Our two prickly pear cacti in the front planter had been dormant for a while, but just recently they have both exploded with new growth!

Crazi Cacti

I can see cactus quesadillas in our near future… yum yum! 馃檪


When we bought our house, we were happy to find a very young Breadfruit tree the previous owner had planted. 聽We quickly realized thought that though Breadfruit IS a beautiful tree, with very large leaves, it gets seriously big, very quickly (we’re talking over 100 feet!).

Baby Breadfruit tree circa 2007

Breadfruit circa 2009 (Note the difference in trunk size…Retaining wall for driveway now in place)

Beautiful large leaves

We trimmed the tree 聽a few times but were both a bit concerned about its proximity to the house and to our retaining wall. 聽When it flowered and started fruiting for the first time we were excited, as we figured we’d at least get to try the fruit before the tree has to “go”. 聽Locally, folks use the “Pana” as a vegetable, either frying it as “tostones de Pana” or boiling it as a side “vegetable” (tastes like a bland potato…). 聽I found a few curried breadfruit recipes (good bless Trinidad and Tobago…) and waited for harvest time.

The Breadfruit fruit starts out 聽as a clump of flowers which then turn into one fruit with lots of with nobby little spikes (each formed from a flower!). 聽The fruit eventually “heals” over into a smooth fruit. 聽Not ours…the spikes continued until the fruits ripened, got soft and started falling off the tree (forming big piles of mushy mess).

Young Breadfruit fruit

Big and spiky!

A few weeks ago, a friend stopped by with his mother-in-law. 聽She looked over the railing to admire our Breadfruit tree (as many people do) and then noted with great delight that we have the “other” type of “Pana” (aka “Pana de pepitas”). 聽Say what? Mystery solved: 聽We have a Breadnut tree, rather than the 聽seedless Breadfruit (those interested can read all about the two types of 聽“breadfruit” and their relative, the Jackfruit, 聽here and everything you’ve ever wanted to know about the Breadnut here). 聽 She explained that the Breadnut 聽seeds (or nuts) were harvested out of the fruit and then boiled or roasted like chestnuts. 聽Who knew?

We finally got around to picking one of the fruit (having seen the inside of the fruits post fall, neither of us was overly excited about the prospect of ‘harvesting’ nuts…). 聽Nick then spent a messy hour separating out the bread “nuts” . 聽 We then boiled the hell out of ’em.

Digging through the pulp for the “nuts” (there has GOT to be an easier way…).

Close up: 聽Messy work!

The crop

Yep, they look like chestnuts and taste just like chestnuts! 聽Good news is that we can now easily聽propagate聽our tree (the seedless Breadfruit requires grafting or root propagation) as Nick had the foresight to put a few “nuts” to the side. 聽 But what does one do with hundreds of chestnuts???

Oriental Summer Squash flower

A very happy Black Panther Pumpkin Patch

First yield of large green mangoes, on the way to becoming chutney

Q: how do you pick plantains from a plant that is 20ft tall?
A: using a machete and gravity! 馃檪

Retrieving our haul!

Yesterday began with a kiln opening and ended with an “opening” courtesy of mother nature. We unloaded my tenth glaze firing to reveal lots of new goodies, including the pair pictured below. Visitors to the gallery last week had requested two ‘Mas Caf茅’ mugs in Licorice Black (“breaking brown please!”). I had but two bisque mugs to glaze so was very happy (and relieved) when I pulled this lovely pair out the the kiln:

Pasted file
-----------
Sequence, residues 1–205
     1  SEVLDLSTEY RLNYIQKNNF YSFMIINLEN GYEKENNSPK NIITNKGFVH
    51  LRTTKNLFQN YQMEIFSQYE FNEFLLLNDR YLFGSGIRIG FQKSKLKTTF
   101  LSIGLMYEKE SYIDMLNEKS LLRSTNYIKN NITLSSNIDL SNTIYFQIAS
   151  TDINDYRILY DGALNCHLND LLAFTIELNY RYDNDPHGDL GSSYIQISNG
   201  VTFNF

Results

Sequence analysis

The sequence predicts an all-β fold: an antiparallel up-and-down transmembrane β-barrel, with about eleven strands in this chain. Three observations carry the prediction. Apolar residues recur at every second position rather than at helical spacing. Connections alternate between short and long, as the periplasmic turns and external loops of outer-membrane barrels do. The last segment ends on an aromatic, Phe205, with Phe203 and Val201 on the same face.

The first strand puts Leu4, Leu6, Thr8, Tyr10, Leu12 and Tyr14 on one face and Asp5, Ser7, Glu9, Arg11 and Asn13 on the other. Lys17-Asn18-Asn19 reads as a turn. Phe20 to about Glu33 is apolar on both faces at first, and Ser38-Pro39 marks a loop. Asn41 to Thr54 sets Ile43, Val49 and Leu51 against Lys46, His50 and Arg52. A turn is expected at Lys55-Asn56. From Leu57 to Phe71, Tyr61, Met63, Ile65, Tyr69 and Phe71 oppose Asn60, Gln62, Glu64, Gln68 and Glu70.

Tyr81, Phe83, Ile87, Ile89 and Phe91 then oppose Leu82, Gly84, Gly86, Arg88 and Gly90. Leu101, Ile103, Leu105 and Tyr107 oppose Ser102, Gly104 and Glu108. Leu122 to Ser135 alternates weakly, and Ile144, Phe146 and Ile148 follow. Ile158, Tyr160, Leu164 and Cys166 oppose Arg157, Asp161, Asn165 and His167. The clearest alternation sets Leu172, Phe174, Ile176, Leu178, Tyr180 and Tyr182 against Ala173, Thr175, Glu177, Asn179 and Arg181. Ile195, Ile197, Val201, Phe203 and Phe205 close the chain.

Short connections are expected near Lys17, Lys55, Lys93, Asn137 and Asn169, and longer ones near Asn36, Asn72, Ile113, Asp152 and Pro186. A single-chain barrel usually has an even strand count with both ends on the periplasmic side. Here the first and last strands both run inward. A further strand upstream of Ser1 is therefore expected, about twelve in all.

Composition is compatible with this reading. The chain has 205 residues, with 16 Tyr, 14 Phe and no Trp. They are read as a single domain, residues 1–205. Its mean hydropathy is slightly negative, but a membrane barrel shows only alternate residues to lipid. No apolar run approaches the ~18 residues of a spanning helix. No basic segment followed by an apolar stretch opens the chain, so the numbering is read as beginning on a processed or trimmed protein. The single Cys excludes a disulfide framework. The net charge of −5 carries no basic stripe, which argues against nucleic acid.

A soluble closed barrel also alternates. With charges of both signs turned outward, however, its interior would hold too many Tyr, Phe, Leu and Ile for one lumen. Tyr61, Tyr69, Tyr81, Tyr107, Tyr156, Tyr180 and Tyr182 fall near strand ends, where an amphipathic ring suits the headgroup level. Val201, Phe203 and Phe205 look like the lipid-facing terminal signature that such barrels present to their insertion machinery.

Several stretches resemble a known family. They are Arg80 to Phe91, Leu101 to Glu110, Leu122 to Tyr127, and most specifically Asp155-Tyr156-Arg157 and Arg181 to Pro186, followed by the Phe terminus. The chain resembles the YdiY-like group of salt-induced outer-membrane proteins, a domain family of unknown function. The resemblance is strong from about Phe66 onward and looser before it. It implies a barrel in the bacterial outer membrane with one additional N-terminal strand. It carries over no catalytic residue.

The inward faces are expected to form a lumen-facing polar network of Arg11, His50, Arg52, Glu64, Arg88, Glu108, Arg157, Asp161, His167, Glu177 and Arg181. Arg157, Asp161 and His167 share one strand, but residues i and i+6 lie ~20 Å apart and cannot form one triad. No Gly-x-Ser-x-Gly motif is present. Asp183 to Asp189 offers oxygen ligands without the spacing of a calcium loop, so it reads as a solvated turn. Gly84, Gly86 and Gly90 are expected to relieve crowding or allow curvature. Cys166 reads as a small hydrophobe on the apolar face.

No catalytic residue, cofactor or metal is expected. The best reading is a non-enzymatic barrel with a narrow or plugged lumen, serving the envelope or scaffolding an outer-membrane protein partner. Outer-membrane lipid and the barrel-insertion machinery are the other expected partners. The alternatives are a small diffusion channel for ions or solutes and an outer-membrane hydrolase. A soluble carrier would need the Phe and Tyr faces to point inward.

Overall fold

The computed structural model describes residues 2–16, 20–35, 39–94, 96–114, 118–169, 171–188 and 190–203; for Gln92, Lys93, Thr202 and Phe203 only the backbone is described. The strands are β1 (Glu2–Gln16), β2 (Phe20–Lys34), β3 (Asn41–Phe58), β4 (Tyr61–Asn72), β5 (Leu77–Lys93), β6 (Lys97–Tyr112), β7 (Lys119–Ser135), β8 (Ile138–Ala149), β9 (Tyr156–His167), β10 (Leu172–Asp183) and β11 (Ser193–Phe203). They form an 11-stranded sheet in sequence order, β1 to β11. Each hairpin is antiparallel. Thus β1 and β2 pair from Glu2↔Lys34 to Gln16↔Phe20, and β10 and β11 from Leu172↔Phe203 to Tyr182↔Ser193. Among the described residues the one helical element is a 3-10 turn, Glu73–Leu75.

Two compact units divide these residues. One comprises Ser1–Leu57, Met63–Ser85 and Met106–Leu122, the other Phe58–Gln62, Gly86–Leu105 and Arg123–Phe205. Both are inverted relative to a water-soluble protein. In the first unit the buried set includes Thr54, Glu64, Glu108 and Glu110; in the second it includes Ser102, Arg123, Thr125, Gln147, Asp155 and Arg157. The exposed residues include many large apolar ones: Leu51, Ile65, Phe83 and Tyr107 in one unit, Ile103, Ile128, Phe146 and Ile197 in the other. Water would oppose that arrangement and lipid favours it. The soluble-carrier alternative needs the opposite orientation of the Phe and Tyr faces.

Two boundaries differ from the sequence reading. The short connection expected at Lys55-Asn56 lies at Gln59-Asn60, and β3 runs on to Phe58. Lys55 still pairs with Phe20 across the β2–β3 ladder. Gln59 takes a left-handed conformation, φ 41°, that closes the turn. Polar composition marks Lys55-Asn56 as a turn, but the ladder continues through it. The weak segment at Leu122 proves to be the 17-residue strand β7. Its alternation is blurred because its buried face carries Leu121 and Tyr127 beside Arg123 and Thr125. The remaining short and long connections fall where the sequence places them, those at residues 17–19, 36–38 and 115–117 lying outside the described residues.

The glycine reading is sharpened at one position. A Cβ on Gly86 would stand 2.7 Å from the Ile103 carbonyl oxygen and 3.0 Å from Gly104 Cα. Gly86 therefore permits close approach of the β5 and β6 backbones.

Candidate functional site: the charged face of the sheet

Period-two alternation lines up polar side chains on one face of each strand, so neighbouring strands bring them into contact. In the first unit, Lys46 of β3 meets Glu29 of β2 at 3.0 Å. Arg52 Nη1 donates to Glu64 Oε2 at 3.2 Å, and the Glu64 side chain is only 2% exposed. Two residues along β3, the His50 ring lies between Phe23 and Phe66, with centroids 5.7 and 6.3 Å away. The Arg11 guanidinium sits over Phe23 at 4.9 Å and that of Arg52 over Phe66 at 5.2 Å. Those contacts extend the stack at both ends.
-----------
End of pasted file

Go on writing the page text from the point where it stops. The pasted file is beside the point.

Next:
In the afternoon, after watering some newly transplanted oyster plants (our planter in the front of the house is overflowing and offers a great free source of plants!) I was doing my usual “survey” of our trees. Many are in bloom (tons of bananas, plantains, breadfruit, papaya, small mangoes). To my delight, I discovered that our young avocado immediately behind the house (which has yet to give fruit) is in bloom! Those of you who have been following our blog for a while know how much I LOVE avocado (Nick, not so much). Our massive (60 feet or so) Avocado tree at the bottom of our slope has been faithfully supplying awesome fruit but come on! An Avocado tree RIGHT BEHIND THE HOUSE? Heaven!

Avocado Flowers

View from the balcony: Avocado A = Down steep slope Avocado B = muy cerca

Just over a year ago I setup 2 trellises for passion fruit vines that Miri had grown from seed. Click here to view the original post. One trellis was based on a design I found online and the other was of my own invention. Sadly, one year on, my innovative triangular design has failed spectacularly. The strong winds we’ve been experiencing recently were just too much for it…
Failed trellis

Clearly, attaching the anchor wires halfway up the stakes wasn’t the best idea as all the weight was above that point and the (not very) “Sturdy Stakes” simply folded in half!

The good news is that the ‘official’ trellis is still very much in one piece and the 2 vines growing on it look happy and healthy…
Trellis still standing

Rather than kill the vine that was growing on my failed trellis I decided to mount a rescue operation and move it somewhere more suitable. I dug it up and re-planted it next to a scrub tree and draped the vine over the branches. Hopefully I got enough roots so it will establish itself and thrive in its new home. Only time will tell.

On the move
Vine on the move

New home
Getting put in its new home

From the kiln….


And from the vegetable patch…


Prognosis? 聽Thai curry for dinner and lots of glazing next week! Buen fin de semana a todos. 聽 馃檪

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